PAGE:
Essential Albums: Belle & Sebastian- If You’re Feeling Sinister


Pop music is called that because it’s popular music, music that most people will find enjoyable because it’s melodic and pleasing. It can actually relax you as you grow to trust the song and recognize the patterns, and this can be soothing as you listen to it. There’s a certain safety in this environment where you can freely listen to the sound and know that all the sounds to come will be beautiful. This is the best I can do to introduce Belle & Sebastian, a group from Scottland which created two fake personas to represent their band so that the actual members could stay out of the spotlight.

Belle & Sebastian play a very soft version of pop music, one that relaxes you immediately as “The Stars Of Track and Field” opens the album with a soft strumming guitar and a hushed “Make a new cult every day to suit your affairs“. You start to notice that the background of the song complicates, including more and more instruments into the harmony but never disturbing the overall sound in order to do it. Entrances and exits that sound completely natural and unrushed. The song just carries on within this basic yet complex sound.

During the time period of If You’re Feeling Sinister, group member Stuart Murdoch was still writing and singing on most if not all of the material. To keep the theme here going, Murdoch sings in a soft and melodic voice; actually a pretty fun one to try imitate, but that’s another conversation entirely. The true impressive feature of the vocals isn’t in that softness though, it’s in the impeccable diction and phrasing. Every line is said in an extremely appealing fashion and the lines always fit the rhythm perfectly, even in songs that are a bit more untraditional such as “Fox In The Snow”.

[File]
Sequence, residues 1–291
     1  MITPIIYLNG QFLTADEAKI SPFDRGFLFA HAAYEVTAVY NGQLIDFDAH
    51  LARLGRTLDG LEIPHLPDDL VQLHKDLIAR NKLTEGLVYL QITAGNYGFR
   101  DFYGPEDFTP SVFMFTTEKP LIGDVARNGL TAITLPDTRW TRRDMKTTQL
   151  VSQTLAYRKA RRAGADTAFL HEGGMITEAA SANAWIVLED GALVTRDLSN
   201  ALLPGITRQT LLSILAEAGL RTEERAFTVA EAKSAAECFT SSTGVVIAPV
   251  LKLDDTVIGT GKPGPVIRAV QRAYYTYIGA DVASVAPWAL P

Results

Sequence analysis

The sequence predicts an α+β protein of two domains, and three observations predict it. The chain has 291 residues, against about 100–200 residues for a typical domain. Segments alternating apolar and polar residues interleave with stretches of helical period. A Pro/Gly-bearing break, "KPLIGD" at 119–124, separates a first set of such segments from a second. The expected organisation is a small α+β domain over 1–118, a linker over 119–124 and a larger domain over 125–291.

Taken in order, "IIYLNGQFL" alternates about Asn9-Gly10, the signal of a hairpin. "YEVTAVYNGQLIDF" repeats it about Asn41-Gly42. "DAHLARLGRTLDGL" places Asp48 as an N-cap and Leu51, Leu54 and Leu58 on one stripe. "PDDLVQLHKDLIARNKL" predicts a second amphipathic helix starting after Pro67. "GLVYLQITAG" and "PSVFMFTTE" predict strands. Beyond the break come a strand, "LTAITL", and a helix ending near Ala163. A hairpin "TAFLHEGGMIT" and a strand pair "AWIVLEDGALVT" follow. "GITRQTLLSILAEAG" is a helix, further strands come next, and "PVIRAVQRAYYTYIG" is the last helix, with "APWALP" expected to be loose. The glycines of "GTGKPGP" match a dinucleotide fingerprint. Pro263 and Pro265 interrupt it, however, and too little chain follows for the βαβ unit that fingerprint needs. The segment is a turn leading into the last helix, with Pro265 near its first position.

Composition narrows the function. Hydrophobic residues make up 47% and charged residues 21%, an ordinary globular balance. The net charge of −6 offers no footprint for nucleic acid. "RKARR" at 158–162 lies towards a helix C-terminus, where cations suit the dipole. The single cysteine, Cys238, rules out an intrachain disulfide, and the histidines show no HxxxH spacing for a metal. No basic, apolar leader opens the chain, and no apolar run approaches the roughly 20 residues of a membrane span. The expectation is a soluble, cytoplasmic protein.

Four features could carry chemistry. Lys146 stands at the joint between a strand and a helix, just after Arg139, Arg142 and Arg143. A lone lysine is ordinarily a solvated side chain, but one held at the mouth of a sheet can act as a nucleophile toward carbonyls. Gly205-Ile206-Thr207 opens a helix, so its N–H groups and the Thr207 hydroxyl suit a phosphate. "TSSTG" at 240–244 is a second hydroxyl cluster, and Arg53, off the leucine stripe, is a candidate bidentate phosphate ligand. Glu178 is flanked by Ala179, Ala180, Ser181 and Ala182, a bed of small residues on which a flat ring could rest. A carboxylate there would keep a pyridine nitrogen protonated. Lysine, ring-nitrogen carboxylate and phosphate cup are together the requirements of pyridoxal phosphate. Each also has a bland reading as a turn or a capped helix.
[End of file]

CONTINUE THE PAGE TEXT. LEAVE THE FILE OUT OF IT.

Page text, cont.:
One last nice quality of Belle & Sebastian is in the odd things that they present to you in their music. The topics of sex and homosexuality approaching you in the soft environment is terrific because of the unusual quality of it, and the inclusion of school children playing in “If You’re Feeling Sinister” is a nice touch to the buildup of the song. If You’re Feeling Sinister is an easy album to like because it’s complex in it’s topics but traditional in it’s pop structure due to the stripped down quality of the music. It should be noted here that this is not their unanimous best album by any means as I’ve heard claims for The Boy With The Arab Strap, Fold Your Hands Child, You Walk Like A Peasant, and Tigermilk as well, and all of these are very good albums.

Track Picks: The Stars of Track and Field, If You’re Feeling Sinister, Like Dylan in the Movies

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